Young Muslim Association
22-sep-03, 6:00 pm
We arrive for a "round table discussion" at the Young
Muslim Association in Cairo.
A hugh banner over the door announces
"Religious Dialogue" in Arabic.
We are ushered into a small room full of people, where we go
through a reception line and are served tea and coffee.
A local television station interviews Rev. Tunkle and Bashar.
Barbara and I talk with Sofia, an Arab Protestant woman who
works for the YMCA and recently spent three months in Vancouver.
We also talk with an executive of the YMCA who is Muslim.
We think that the discussion will be held here, but
after about 45 minutes of this, we are ushered to another room.
To our shock, we are now in
a large lecture hall already filled with 200 to
300 people. There is a long dais on a raised stage, with microphones.
Several of our group are ushered up to the stage, while the rest of us
sit in the front rows.
A Koranic invocation is chanted in Arabic. This is followed by
several impassioned speeches in Arabic, which Sofia tries to
Finally questions are sent up from the audience, written on slips of
paper. Also, other members of our group are called on to give short
talks, usually centered around a question.
The first speech is given by the executive director of the Young Muslim
Association, and is mostly pleasantries.
The second speech is is given by the president of Al Azhar University, and
it seens to be the standard "Islam doesn't suck" talk, given in Arabic.
(A translator does an excellent job of recounting an entire talk,
from a few notes,
rather than translating line-by-line.)
A third speech is given by the creator of the Religious Dialogue program and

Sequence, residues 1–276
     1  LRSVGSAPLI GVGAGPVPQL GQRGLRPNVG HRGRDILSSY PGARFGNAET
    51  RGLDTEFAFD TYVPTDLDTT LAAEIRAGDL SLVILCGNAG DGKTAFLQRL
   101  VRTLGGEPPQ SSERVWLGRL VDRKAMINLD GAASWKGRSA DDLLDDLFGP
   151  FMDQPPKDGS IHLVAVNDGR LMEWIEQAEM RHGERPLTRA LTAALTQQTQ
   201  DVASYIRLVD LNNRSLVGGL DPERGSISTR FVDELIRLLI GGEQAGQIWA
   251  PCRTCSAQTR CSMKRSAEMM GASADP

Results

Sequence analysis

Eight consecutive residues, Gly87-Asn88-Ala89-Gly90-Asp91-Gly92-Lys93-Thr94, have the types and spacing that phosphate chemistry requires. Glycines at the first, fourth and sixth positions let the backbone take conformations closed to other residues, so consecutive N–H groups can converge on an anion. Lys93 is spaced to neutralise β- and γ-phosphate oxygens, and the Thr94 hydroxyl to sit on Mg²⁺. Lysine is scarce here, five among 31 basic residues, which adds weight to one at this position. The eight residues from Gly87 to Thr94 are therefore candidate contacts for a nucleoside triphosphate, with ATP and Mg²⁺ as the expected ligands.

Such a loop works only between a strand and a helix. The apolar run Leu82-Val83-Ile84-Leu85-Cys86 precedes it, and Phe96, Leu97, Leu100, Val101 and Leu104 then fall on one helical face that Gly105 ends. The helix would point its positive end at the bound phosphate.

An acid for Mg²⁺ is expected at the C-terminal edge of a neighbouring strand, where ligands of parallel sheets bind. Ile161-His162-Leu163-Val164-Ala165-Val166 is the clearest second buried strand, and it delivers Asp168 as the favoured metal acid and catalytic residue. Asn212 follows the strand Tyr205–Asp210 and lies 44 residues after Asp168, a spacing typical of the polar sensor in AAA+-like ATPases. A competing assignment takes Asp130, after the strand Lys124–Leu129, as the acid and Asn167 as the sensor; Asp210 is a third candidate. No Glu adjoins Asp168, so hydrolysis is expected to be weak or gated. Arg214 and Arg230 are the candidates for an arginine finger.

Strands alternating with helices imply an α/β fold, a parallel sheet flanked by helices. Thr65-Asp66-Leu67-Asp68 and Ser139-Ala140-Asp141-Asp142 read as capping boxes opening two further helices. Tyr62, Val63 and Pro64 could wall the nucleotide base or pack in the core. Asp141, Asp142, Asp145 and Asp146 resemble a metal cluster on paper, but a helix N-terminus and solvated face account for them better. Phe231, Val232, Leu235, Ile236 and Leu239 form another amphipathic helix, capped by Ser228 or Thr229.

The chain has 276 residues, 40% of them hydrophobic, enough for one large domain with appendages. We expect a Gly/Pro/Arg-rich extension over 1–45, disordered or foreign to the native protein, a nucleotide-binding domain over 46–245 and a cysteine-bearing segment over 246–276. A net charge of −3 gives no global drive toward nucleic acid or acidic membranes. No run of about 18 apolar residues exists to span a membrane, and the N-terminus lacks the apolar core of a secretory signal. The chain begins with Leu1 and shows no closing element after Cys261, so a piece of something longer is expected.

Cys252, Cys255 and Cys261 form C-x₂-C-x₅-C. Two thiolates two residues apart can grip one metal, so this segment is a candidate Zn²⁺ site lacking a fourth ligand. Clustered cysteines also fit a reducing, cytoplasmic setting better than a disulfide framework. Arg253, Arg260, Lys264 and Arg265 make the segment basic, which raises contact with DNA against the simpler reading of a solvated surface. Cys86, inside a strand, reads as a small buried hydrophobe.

the sponsor of tonight's event. He discusses media and religion, decries
stereotyping, and encourages self-criticism in the Arab world.
After this, Bashar is introduced and he explains the purpose of the
Building Bridges program.
The Palestinian Ambassador speaks in Arabic;
he gets pretty worked-up venting his
frustration with American policies.
I sense that he his working his constuency.
Sam Keen then gives a talk;
he says that one of the good things about being an American is that
he can disagree with his government
and not risk jail.
This comment seems to arouse sullen disbelief.
The meeting was originally scheduled to be two hours long, but
it is now 10:00 pm. We have been here since 6:00, with no lunch, one
power bar in mid-afternoon, and no dinner, having flown from
Jordan that morning. We are exhausted, and
we go and find perhaps the only awful restaurant on the whole trip.
And yet we are still thrilled by the energy of it all.
- There seems to be unanimous opposition to the eviction of Arafat.
They don't like him, but they resent any outside attept to depose him.
Paul Tunkle calls for including Jews in the Religious Dialogue.
(This causes some
muttering in the audience.)
David Parks-Ramage gives a nice little speech,
but the microphones have died by now, so
it's all shouting.
Katharine Kunst offered a challenge
to the audience, asking "where are the women in the New Egypt?"
There is some applause, but there is no applause for the Arabic
translation. Sofia comes to the podium and gives an impassioned avowal
that Egyptian women are free. She is followed by a Muslim woman who says
much the same.
After several other speeches, Barbara and I are ushered to the stage
and, in turn, give short talks. I notice that there are Arabic
translations of our biographies on the table;
Bashar later tells us that they
are very good translations, too.
One guy gets up and says that dialogue is bad and just enables big
countries like America to bully smaller ones. The translator
likens him to "a cowboy from Upper Egypt". (However, later the "cowboy"
talks to me and we exchange email addresses.)
- The meeting is breaking up and the trnaslator has already left the room,
but a man from the audience gets up and starts ranting in Arabic.
I can hear that he refers to Lyndon Larouche and David Duke, and Bashar
says that he is claiming that 9/11 is a Jewish plot. He is hooted off
[A laughable misrepresentation of this event can be